Khawaja Dawood/The Santiago Times Staff
ISLAMABAD – Pakistani professor Dr Shahida Hasnain and Bangladeshi professor Dr Samir Saha have won the prestigious UNESCO Prize for Microbiology.
Both the scientists have been named by the United Nations Educational, Scientific and Cultural Organization (UNESCO) as the two laureates of the 2017 Carlos J. Finlay UNESCO Prize for Microbiology.
The prize money of $10,000 will be divided between the two laureates. This prestigious prize is awarded to scientists whose research has made an outstanding contribution to microbiology and its applications.
The prize will be presented to them on 6th November during the 39th session of the General Conference of UNESCO, which will bring together the organization’s 195 member-states between 30 October and 14 November, a UNESCO statement said.
Dr Shahida Hasnain is the founder and Chairperson of the Department of Microbiology and Molecular Genetics at the University of Punjab in Lahore, Pakistan. Her department is today recognized as a center of excellence both for its equipment and expertise.
Prof. Hasnain completed her doctorate from Birmingham University, United Kingdom in the field of Microbial and Molecular Genetics in 1985. Later she completed her post-doctorate studies from the same university in Molecular Biology in 1995. Dr Shahida Hasnain has published more than 250 articles in various national and international journals.
She has won several distinctions for her work including UNESCO/ROSTSCA Award for Young Scientist (from Central and South Asian region) in 1988, Fatima Jinnah Gold Medal in 2006 by Government of Punjab, Pakistan and Star Laureate 2007 in Science and Technology by South Asia Publications 2008.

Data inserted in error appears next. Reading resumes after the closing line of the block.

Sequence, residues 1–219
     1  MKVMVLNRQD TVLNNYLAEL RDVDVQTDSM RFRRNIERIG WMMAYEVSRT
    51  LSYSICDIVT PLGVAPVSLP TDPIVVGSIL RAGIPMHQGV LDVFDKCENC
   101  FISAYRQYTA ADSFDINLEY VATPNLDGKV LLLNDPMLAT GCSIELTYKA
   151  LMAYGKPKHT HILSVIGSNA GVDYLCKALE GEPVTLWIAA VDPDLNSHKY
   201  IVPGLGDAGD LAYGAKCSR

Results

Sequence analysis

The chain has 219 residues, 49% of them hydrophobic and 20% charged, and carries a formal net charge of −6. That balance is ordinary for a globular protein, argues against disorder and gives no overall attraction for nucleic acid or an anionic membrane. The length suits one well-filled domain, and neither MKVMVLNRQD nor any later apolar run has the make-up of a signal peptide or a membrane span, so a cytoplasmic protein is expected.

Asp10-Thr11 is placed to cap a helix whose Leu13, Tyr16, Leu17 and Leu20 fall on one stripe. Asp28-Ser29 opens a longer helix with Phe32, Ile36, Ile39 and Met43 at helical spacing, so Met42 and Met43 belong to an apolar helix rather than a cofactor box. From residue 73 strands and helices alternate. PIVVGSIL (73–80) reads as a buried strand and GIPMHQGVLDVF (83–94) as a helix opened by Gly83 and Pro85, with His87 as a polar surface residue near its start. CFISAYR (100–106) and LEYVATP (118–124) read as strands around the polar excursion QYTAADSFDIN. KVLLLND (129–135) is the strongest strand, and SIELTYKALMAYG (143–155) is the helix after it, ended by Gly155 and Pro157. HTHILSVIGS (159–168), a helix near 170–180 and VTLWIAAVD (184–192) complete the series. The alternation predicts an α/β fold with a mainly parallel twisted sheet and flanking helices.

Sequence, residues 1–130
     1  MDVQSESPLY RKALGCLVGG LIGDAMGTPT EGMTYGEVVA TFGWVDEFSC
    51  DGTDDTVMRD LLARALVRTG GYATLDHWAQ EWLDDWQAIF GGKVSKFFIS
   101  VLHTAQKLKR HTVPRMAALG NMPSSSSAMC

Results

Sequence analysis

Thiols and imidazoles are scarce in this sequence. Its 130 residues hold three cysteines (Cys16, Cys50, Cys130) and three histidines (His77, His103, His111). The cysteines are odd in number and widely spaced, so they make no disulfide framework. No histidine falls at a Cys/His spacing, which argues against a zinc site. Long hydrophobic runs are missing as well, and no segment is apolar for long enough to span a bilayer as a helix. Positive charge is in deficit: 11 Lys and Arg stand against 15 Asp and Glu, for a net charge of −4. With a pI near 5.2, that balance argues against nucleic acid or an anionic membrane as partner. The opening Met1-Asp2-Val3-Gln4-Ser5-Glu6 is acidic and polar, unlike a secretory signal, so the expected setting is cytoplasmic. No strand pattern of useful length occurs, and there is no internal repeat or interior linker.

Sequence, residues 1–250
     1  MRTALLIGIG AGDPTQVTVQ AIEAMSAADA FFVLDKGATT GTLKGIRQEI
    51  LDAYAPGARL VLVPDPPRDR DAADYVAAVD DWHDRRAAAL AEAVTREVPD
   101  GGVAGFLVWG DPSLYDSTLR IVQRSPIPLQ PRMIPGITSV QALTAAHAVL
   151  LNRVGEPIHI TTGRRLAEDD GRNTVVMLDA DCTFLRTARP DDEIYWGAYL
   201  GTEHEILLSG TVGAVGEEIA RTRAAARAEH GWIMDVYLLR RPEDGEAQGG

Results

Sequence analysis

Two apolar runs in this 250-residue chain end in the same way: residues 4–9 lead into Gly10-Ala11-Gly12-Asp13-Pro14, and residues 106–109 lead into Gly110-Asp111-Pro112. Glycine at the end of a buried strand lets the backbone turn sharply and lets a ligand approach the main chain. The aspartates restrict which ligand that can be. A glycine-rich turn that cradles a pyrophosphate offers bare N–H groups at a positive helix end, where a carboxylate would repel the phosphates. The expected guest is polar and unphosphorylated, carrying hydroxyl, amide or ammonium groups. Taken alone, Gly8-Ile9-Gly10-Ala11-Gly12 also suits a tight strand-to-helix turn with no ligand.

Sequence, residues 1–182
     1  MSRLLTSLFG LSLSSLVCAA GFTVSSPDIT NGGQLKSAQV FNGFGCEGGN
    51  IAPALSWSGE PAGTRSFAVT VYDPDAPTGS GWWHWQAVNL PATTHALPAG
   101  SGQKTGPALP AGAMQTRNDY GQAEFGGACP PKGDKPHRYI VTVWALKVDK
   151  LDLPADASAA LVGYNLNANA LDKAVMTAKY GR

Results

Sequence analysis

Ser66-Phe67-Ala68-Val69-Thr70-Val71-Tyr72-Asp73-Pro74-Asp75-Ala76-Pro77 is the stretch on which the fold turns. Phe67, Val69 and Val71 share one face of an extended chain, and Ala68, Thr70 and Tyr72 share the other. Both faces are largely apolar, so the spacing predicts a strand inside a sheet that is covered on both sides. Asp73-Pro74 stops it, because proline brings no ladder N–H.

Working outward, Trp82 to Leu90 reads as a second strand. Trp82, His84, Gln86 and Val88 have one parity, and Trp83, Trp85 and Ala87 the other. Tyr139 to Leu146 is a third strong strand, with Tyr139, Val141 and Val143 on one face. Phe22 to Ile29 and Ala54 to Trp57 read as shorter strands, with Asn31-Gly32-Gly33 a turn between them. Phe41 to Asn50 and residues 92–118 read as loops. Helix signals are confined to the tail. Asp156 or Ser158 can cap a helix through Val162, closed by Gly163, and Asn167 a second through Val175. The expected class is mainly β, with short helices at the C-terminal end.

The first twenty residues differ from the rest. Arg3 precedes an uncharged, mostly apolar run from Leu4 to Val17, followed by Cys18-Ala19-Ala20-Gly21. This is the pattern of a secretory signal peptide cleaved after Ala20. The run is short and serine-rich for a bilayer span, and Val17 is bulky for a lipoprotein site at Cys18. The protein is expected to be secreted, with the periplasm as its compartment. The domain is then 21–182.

Professor Hasnain significantly contributed to advances in research in environmental, agricultural and medical microbiology. She has notably worked on the heavy metal detoxification mechanisms, salt stress tolerance mechanisms, and bacterial morphogenesis, the UNESCO statement noted.
Dr. Samir Saha is the head of the Microbiology Department of the Dhaka Shishu Hospital for children in Bangladesh. He is also the Executive Director of The Child Health Research Foundation at the Bangladesh Institute of Child Health.
As leading researcher in paediatrics, Dr Saha has played a significant role in the introduction of vaccines in Bangladesh. For more than a decade, he has been performing surveillance on invasive childhood diseases in Bangladesh. Dr Saha has published more than 100 papers in peer-reviewed journals, mostly exploring the topics of childhood pneumonia and meningitis.
Created in 1977 by UNESCO at the initiative of the Government of Cuba, the Carlos J. Finlay UNESCO Prize rewards scientists whose research has made an exceptional contribution to the field of microbiology.